I also know the vaccine is safe; in the review of the HPV studies, severe adverse events were rare and were not significantly higher in vaccine recipients than in those who received a placebo injection.

But L had a number of partners in her early 20s followed by many years of monogamy.

Does the vaccine make sense for her and the roughly 30 million other women under 46 who missed the opportunity to get the HPV shots as kids?

After all, studies show that most women get exposed to at least one strain of HPV within a couple of years after first having sex and that the likelihood of exposure increases with each sexual partner. While most women clear their infections within 12 to 24 months, a small percentage go on to develop cervical precancers or cancers — which is why cervical cancer screening is important.

To answer L’s question, I looked up the guidelines for HPV vaccination put out by the Center for Disease Control and Prevention’s Advisory Committee on Immunization Practices (ACIP), a group of medical experts that determines which vaccines we should use in the United States. Despite the FDA’s recent approval of the vaccine for women up to age 45, I saw no mention of women over age 26 in the ACIP guidelines.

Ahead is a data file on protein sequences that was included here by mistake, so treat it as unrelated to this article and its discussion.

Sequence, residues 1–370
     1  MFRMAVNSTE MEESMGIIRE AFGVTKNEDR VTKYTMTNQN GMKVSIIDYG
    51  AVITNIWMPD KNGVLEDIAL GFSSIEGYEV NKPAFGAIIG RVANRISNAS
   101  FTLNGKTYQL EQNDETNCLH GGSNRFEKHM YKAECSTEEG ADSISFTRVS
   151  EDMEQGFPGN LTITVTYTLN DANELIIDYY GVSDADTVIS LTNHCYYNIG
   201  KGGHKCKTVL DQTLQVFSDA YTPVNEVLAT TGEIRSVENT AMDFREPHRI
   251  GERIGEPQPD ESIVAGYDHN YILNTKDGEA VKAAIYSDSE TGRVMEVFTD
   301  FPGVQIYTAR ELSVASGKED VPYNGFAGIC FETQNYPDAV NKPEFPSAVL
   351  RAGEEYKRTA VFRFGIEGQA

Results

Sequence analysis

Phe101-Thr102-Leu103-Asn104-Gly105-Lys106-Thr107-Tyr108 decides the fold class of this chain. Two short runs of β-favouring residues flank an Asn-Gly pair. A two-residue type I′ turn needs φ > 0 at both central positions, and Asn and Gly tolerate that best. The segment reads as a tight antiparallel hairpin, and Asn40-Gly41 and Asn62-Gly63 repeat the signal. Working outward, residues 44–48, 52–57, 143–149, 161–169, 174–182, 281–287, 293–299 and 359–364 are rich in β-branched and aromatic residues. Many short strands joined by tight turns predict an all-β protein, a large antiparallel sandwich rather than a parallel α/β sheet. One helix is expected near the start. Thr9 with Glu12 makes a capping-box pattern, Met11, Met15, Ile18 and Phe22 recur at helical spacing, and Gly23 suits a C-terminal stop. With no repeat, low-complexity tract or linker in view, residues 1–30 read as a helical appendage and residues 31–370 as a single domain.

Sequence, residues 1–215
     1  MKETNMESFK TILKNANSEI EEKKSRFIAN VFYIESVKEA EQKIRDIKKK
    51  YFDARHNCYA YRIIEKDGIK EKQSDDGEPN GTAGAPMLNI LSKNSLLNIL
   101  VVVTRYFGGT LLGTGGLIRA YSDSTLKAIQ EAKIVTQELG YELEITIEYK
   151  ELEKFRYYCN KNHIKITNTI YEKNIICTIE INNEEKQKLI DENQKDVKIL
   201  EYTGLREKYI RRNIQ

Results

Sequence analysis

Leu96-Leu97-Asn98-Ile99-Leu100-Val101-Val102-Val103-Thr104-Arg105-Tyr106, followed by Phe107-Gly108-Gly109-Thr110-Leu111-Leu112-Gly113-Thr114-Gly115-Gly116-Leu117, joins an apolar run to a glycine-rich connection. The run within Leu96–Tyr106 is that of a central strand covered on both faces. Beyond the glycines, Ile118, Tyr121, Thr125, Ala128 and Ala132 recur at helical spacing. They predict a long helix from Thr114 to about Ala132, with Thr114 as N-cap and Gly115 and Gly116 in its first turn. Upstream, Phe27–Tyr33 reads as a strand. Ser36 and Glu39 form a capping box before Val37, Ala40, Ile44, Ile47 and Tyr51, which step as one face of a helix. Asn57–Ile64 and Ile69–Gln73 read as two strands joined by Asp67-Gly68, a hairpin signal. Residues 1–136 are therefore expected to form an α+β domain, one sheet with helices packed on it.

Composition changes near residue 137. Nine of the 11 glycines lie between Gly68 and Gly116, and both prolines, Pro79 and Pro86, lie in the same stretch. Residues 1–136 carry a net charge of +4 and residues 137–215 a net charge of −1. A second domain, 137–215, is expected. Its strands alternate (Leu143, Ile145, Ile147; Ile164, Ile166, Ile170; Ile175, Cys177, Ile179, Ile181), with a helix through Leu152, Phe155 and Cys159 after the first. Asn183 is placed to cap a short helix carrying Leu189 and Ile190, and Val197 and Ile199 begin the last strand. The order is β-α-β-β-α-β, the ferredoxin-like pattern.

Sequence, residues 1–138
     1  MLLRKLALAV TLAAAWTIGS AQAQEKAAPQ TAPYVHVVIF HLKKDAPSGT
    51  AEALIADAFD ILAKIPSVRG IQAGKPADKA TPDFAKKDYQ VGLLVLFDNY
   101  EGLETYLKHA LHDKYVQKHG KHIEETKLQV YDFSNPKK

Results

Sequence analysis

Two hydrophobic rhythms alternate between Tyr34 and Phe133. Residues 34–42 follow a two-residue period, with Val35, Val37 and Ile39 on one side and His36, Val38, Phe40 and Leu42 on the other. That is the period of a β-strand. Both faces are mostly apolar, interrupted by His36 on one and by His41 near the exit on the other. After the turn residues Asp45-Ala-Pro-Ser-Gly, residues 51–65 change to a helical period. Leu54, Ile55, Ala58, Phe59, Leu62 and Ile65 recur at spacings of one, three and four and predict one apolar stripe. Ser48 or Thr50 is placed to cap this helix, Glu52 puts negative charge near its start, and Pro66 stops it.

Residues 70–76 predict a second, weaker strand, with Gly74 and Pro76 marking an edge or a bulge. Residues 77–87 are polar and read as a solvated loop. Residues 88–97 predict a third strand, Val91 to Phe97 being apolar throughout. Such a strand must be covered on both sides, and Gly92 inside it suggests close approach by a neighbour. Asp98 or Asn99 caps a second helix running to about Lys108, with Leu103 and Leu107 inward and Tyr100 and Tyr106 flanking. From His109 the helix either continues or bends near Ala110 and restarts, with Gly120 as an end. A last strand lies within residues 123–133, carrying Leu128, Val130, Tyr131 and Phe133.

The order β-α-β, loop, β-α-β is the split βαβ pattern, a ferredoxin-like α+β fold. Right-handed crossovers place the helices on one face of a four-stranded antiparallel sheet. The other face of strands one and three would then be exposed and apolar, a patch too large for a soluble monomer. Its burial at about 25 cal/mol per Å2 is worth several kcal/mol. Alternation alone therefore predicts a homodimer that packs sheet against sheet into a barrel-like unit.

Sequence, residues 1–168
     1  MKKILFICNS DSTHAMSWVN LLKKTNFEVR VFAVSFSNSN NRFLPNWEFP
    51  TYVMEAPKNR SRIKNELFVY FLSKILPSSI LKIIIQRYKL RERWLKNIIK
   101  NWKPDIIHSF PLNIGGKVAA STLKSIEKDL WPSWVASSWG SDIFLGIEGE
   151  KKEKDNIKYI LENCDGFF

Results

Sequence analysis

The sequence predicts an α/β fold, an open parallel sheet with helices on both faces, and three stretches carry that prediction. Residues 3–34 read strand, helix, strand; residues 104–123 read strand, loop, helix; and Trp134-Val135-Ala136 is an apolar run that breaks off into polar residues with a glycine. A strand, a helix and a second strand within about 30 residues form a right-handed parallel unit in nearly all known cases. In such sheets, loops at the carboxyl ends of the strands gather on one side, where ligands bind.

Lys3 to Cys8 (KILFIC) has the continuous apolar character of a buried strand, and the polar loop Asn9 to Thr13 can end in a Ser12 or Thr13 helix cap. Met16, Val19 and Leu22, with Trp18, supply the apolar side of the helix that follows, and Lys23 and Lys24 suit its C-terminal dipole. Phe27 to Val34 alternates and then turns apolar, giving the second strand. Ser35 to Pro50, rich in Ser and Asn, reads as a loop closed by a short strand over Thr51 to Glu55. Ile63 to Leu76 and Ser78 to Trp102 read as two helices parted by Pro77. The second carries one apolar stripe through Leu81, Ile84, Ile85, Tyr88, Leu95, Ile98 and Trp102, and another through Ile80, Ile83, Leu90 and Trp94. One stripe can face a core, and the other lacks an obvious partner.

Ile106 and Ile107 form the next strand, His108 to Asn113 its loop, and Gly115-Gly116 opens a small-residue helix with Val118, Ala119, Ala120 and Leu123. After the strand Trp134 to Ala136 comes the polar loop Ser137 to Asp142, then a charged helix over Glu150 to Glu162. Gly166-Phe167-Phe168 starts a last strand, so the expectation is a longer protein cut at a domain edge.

Then I moved to the American College of Obstetrics and Gynecology website to see what it said about HPV vaccination for older women. ACOG’s Practice Advisory encourages me to “welcome conversations” with women up to age 45 and that “any decision to be vaccinated should be individually based using shared decision making and clinical judgment based on those patients’ circumstances, preferences, and concerns.”

I’m all for collaborating with my patients to come up with a game plan but to do this I need data. How was I to know what “circumstances” might make the vaccine more or less effective? And what “preferences” or “concerns” was the vaccine likely to address?

Plenty of confusion

To get some clarity on ACOG’s recommendations, I called Lois Ramondetta, professor of gynecologic oncology at the University of Texas MD Anderson Cancer Center. She is on the ACOG HPV immunization expert working group. She said that the ACIP was doing a cost-benefit analysis and would soon decide whether to recommend the HPV vaccine up to age 45. But she agreed that, at the moment, there is plenty of confusion about which older women would benefit.

“Perhaps it would be very useful for someone who hasn’t been exposed, and whose intimacy situation has changed,” she told me.